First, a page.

Although each practitioner will run courses differently, it’s likely that will be similarities between courses run over eight weeks. And that’s the first thing to appreciate, that mindfulness courses are usually run over multiple weeks, most commonly 8 weeks, with one formal session per week of two or two and a half hours.
Whereas some courses may be shorter or longer, the 8 week x 2.5 hour session model comes from the first courses designed by Jon Kabat-Zinn to run in what became the stress clinic at Massachusetts General Hospital, starting in 1979. This model has become the most studied, and the de-facto standard for running mindfulness courses.
Whereas I have run much shorter courses and introductions to mindfulness, my standard course follows this tried and tested model, in two hour sessions.
So, you turn up for your first two hour mindfulness class, what next?
Each session combines three things:
- a topic related to how our mind works
- a mindfulness practice meditation (sometimes two)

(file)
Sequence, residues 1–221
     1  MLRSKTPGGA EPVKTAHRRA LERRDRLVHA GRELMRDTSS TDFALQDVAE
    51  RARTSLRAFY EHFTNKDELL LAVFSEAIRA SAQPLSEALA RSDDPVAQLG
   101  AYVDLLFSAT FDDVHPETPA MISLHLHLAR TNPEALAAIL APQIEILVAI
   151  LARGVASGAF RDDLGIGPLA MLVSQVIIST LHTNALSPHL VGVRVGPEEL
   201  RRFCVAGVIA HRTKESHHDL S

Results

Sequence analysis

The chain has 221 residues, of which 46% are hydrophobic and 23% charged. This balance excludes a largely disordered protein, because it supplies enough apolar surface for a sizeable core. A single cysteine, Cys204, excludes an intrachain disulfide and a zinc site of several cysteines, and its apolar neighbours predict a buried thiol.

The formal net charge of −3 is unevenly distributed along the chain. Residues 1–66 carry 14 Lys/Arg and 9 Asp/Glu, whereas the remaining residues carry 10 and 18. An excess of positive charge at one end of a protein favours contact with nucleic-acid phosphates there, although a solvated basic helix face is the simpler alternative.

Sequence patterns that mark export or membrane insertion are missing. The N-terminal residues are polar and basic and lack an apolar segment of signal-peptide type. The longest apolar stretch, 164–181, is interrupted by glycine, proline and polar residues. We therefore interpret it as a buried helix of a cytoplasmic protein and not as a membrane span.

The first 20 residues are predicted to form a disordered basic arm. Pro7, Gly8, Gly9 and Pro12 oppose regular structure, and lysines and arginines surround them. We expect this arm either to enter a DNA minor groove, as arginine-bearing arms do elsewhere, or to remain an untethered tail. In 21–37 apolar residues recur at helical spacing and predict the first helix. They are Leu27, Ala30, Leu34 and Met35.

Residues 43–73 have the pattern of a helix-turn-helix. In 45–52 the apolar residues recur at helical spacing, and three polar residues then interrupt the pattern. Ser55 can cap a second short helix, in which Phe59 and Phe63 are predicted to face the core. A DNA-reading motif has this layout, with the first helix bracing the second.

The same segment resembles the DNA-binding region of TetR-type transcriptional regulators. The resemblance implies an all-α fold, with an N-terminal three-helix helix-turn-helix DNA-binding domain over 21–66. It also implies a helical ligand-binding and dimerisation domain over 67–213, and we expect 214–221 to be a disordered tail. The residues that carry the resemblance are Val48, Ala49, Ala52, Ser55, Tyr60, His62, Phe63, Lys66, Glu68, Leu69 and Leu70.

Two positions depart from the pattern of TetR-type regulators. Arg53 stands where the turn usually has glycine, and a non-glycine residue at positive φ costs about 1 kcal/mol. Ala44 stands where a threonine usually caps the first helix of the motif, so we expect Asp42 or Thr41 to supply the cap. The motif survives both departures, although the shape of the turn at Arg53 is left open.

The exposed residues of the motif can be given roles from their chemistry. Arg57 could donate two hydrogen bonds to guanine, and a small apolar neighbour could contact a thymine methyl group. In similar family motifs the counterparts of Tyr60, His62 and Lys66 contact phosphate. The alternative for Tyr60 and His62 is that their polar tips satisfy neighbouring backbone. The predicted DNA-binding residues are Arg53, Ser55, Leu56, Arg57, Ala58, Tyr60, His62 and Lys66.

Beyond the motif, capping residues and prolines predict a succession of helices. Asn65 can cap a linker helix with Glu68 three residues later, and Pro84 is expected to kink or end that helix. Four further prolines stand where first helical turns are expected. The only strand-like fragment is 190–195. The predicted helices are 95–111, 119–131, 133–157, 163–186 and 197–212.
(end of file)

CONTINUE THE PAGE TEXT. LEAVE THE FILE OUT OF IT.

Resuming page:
- and some conversation.
For example, the topic for week one is ‘operating on autopilot’, related to how our brilliant brain automates tasks that we repeat. If you a drive car, notice how you don’t have to ‘think’ about driving any more; but can you recall all of the individual processes and skills you had to master while you were learning to drive? Your brain learned to automate the tasks involved in driving a car, so that your thinking mind can be free to do other things.
We would talk about how this is both helpful, and sometimes unhelpful (do you have any habits you would rather you didn’t?)… and what we might do about those unhelpful autopilots. This is coupled with the mindfulness meditation practice of a body scan.
Here are the topics from week two…
- Week 2 – Living in our heads
- Week 3 – Gathering the scattered mind
- Week 4 – Recognising avoidance
- Week 5 – The odd thing about ‘allowing’
- Week 6 – A thinking exposé
- Week 7 – A time to dance?
- Week 8 – The present in the future
There is also the option of a practice week, which is ideally a full day, but often a half-day. This really helps to integrate the mindfulness practice – the ultimate goal of which is to live our lives more mindfully (see Why practice mindfulness? for more notes on this).
So, there it is. A taste of what happens on a mindfulness course.